glitches in everyday objects reintroduces human error to design
glitches in everyday objects reintroduces human error to design glitches in everyday objects reintroduces human error to design
jul 17, 2015
glitches in everyday objects reintroduces human error to design


glitches in everyday objects reintroduces human error to design
all images courtesy of vincent brinkmann, jan sengstake

 

 

 

with exceptions, a mass majority of objects are brought from concept to reality by digital means. they’re drawn on a tablet, built in the three-dimensional void of CAD, optimized for production, then finally constructed and sold — via advertisements and packaging also digitally created. while working this way is very efficient, it leaves little to no room for human error.  

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3D printed and cast hammer

 

 

 

one way to bring human mistakes back into the process, is through the deliberate misuse and experimentation with various 3D modeling and scanning softwares. ‘glitches in everyday objects’ is an investigational workshop led by designers vincent brinkmann and jan sengstake. working with various computer technologies, brinkmann, sengstake, and class participants recreate artifacts in the digital world. however, rather than meticulously retouching and fixing every detail, inaccuracies are simply disregarded.

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creating sprue and runner structure for casting (pre-mold) 

 

 

 

semi-complete designs are then 3D-printed in ABS plastic. complementary to the nature of the concept, the prints are prepared to be cast in metal using somewhat unpredictable investment casting methods. oil based ABS easily burns out, making it the opportune material to create negative molds ready for pouring.

 


video courtesy of etcetera.PP

 

 

 

the permanent finished objects are immortal representations of human error. shapes, voids, and lines are all clearly visible in both bronze and aluminum renditions. ‘glitches in everyday objects’ combines both analogue and digital to create experimental artifacts that showcase what happens when the system goes awry.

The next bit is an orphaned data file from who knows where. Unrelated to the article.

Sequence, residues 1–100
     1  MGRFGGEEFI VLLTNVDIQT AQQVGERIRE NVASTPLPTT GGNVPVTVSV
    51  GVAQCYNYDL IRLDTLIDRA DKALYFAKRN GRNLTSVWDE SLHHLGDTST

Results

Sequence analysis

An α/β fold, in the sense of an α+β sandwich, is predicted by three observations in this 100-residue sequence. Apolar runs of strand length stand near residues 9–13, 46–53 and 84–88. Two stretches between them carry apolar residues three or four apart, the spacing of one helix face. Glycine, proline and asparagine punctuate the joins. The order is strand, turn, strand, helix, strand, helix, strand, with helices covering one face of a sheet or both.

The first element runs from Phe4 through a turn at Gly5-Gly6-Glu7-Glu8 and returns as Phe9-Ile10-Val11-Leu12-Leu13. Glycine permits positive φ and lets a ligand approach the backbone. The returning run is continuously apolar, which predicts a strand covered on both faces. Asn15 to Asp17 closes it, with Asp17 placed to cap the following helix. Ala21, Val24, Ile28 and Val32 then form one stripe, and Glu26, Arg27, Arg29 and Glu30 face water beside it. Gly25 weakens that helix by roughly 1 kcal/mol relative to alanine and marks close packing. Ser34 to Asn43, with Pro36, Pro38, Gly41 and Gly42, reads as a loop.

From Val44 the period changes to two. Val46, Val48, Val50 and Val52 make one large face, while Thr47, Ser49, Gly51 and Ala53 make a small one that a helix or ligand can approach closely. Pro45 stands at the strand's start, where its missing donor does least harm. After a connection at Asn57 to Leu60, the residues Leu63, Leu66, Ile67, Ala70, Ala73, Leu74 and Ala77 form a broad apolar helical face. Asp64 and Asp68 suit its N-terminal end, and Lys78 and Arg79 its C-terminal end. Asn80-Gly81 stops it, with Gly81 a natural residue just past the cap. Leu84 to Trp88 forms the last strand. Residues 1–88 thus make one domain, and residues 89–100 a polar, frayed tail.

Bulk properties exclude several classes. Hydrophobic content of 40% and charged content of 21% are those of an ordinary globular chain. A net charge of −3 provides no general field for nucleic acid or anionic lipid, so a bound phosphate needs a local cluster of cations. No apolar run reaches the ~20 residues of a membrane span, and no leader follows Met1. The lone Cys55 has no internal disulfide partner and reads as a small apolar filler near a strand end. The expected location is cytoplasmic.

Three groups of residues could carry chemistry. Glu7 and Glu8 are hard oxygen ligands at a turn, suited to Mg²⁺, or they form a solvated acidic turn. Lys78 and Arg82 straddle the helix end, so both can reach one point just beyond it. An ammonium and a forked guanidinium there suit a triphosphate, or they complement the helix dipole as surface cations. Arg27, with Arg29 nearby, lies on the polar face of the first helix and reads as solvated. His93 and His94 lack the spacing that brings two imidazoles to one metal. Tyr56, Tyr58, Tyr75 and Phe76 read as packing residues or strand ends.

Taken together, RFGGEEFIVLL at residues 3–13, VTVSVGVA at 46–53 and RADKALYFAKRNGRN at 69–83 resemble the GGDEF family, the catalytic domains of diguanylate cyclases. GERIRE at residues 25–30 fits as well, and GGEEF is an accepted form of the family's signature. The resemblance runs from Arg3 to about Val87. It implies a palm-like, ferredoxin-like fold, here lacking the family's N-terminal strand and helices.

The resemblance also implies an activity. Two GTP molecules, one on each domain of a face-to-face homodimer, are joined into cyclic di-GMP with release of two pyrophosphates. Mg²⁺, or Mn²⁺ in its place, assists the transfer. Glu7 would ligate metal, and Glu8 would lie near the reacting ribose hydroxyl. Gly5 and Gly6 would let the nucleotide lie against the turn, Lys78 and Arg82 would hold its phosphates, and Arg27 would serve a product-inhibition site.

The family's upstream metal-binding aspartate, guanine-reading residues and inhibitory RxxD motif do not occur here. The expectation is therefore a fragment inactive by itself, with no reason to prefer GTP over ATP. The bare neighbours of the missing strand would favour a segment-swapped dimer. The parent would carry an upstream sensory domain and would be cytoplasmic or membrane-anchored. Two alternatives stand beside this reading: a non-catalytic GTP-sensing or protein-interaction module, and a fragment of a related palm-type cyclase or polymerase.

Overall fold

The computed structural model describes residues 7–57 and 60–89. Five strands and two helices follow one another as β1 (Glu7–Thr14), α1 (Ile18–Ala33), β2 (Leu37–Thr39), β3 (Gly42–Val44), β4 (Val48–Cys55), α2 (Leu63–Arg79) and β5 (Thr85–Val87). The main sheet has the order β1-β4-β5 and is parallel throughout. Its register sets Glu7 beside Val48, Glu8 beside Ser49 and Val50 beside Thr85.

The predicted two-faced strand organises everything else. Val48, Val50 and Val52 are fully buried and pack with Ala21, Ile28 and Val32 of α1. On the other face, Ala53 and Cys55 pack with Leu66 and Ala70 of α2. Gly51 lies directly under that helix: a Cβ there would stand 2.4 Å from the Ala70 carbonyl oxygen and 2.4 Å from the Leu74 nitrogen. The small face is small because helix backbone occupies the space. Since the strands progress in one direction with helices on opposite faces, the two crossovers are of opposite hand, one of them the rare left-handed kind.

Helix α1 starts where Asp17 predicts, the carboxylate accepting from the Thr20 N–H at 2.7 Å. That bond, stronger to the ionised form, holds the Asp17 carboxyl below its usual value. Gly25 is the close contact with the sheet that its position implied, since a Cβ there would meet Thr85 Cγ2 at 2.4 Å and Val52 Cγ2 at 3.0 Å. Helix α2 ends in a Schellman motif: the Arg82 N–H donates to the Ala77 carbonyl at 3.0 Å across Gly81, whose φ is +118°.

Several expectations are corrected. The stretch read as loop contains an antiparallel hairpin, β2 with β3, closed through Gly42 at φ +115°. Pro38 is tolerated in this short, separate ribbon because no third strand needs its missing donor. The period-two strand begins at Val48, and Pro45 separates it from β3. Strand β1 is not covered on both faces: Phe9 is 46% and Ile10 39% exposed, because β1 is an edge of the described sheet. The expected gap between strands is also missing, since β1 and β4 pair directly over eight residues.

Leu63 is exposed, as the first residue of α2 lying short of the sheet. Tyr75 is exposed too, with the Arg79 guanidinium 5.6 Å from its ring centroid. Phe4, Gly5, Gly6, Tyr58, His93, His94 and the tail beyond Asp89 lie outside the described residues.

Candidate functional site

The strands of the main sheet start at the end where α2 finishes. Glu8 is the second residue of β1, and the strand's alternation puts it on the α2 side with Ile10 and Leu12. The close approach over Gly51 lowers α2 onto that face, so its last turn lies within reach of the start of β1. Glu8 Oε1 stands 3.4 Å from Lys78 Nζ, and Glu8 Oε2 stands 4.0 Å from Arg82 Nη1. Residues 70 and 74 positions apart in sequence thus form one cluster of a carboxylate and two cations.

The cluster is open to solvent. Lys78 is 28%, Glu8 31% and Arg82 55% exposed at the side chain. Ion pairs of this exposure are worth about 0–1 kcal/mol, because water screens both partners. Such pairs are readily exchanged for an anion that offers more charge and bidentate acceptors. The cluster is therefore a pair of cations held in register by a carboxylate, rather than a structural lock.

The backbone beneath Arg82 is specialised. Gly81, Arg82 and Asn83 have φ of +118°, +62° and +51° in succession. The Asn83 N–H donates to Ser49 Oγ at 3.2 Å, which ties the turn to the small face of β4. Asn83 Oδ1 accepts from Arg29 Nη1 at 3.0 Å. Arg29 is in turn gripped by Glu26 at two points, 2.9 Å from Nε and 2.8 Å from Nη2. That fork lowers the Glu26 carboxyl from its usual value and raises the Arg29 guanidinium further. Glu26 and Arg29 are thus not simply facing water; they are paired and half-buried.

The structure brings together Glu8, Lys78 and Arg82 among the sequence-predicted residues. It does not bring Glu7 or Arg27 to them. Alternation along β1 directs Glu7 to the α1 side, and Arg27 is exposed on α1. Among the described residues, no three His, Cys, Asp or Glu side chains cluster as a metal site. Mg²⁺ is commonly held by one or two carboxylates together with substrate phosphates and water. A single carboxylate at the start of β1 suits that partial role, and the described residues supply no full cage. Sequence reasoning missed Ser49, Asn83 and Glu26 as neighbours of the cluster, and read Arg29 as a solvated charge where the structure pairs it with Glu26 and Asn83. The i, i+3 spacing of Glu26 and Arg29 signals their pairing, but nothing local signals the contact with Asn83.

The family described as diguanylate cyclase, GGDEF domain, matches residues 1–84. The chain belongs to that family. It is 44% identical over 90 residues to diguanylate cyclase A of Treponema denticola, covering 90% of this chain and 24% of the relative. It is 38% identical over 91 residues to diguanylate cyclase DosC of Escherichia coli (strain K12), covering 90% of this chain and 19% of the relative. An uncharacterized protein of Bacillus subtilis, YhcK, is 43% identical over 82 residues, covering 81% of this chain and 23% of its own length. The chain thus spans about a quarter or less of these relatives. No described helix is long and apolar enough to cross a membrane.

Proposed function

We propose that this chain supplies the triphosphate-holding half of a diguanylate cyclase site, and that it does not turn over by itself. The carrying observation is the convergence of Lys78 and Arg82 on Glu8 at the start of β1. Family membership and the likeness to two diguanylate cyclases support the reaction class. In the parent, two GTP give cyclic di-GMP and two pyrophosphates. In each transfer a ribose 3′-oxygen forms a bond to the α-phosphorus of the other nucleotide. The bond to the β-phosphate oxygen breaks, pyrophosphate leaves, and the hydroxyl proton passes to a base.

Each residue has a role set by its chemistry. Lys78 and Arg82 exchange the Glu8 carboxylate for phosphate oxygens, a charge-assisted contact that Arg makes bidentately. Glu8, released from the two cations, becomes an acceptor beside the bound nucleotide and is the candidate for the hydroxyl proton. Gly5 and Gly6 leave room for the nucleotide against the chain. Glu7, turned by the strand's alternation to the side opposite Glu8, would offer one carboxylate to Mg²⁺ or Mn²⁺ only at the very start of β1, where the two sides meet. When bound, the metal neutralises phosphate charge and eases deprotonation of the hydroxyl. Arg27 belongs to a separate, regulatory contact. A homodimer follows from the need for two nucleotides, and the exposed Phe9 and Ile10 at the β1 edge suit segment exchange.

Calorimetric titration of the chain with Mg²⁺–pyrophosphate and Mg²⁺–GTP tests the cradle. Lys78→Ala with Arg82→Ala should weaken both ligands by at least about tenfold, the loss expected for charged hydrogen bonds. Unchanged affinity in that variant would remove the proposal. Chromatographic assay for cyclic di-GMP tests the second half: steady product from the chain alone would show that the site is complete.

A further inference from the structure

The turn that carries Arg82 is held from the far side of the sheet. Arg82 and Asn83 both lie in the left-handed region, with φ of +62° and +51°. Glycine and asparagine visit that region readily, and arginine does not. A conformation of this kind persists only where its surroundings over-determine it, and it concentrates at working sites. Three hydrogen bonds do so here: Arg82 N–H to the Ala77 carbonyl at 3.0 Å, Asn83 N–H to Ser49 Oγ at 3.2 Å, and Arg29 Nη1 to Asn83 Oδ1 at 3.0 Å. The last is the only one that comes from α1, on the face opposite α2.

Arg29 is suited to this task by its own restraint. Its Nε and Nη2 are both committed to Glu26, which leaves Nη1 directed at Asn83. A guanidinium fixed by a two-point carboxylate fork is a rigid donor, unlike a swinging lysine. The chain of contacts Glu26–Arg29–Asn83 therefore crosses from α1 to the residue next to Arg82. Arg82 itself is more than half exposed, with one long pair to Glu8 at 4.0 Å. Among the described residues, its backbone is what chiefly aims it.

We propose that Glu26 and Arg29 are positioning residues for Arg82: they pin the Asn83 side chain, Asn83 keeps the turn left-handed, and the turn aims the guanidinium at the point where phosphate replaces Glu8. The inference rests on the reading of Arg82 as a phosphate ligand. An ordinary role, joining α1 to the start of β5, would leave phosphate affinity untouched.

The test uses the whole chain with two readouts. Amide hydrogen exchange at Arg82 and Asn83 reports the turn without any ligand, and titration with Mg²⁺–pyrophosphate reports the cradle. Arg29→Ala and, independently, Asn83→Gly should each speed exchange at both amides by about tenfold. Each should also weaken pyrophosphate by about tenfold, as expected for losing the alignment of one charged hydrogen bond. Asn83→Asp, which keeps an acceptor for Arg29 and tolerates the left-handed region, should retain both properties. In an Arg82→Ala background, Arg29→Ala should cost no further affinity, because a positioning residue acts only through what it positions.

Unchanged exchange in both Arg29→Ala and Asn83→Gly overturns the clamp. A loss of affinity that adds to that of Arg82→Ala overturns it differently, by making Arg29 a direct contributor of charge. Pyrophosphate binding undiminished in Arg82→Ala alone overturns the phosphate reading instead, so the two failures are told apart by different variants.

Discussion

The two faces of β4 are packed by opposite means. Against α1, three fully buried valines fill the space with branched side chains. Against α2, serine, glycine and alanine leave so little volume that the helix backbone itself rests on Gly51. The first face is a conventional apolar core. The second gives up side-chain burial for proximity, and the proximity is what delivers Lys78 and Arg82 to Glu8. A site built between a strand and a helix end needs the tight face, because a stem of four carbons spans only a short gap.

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molten bronze in furnace 


pouring into molds 

glitches in everyday objects vincent brinkmann jan sengstake designboom
once poured, the molds need substantial time to cool 


shells with casting structure still attached

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wrench 

glitches in everyday objects vincent brinkmann jan sengstake designboom
isolines in surface 

 

 

workshop led by: vincent brinkmann, jan sengstake 
participants: christine brovkina, dustin sherman, eran amir, felix fisgus, joris holte, jonas holst, lennard ulrich, marcel vesga, sven rose, thomas hoheisel

 

 

designboom has received this project from our ‘DIY submissions‘ feature, where we welcome our readers to submit their own work for publication. see more project submissions from our readers here.

 

edited by: nick brink | designboom 

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3D printing (307 articles)